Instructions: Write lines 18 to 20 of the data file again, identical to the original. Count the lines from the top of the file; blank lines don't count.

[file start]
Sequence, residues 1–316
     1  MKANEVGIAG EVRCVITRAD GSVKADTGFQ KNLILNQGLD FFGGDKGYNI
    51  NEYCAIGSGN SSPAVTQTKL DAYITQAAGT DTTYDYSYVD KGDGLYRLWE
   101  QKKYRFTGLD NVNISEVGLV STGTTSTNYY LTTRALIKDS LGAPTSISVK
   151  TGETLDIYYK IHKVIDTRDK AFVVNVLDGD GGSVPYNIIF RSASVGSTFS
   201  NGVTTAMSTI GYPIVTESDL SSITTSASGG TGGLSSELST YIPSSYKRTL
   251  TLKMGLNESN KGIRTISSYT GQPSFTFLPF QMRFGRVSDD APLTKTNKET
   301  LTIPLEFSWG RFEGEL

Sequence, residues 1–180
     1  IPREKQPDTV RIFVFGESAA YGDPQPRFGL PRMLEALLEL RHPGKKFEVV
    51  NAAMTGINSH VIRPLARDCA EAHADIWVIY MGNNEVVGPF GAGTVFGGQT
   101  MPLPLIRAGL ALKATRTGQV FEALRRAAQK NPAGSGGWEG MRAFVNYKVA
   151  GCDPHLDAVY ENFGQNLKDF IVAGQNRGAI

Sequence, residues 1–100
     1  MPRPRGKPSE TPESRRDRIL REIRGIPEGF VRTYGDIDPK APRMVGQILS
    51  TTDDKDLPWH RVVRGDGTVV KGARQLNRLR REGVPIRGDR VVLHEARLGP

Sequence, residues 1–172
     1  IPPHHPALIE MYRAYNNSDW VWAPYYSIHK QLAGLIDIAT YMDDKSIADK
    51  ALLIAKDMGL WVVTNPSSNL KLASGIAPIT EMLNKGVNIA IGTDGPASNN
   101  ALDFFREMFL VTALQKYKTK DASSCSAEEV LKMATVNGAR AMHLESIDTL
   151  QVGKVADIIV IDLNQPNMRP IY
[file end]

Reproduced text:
     1  IPPHHPALIE MYRAYNNSDW VWAPYYSIHK QLAGLIDIAT YMDDKSIADK
    51  ALLIAKDMGL WVVTNPSSNL KLASGIAPIT EMLNKGVNIA IGTDGPASNN
   101  ALDFFREMFL VTALQKYKTK DASSCSAEEV LKMATVNGAR AMHLESIDTL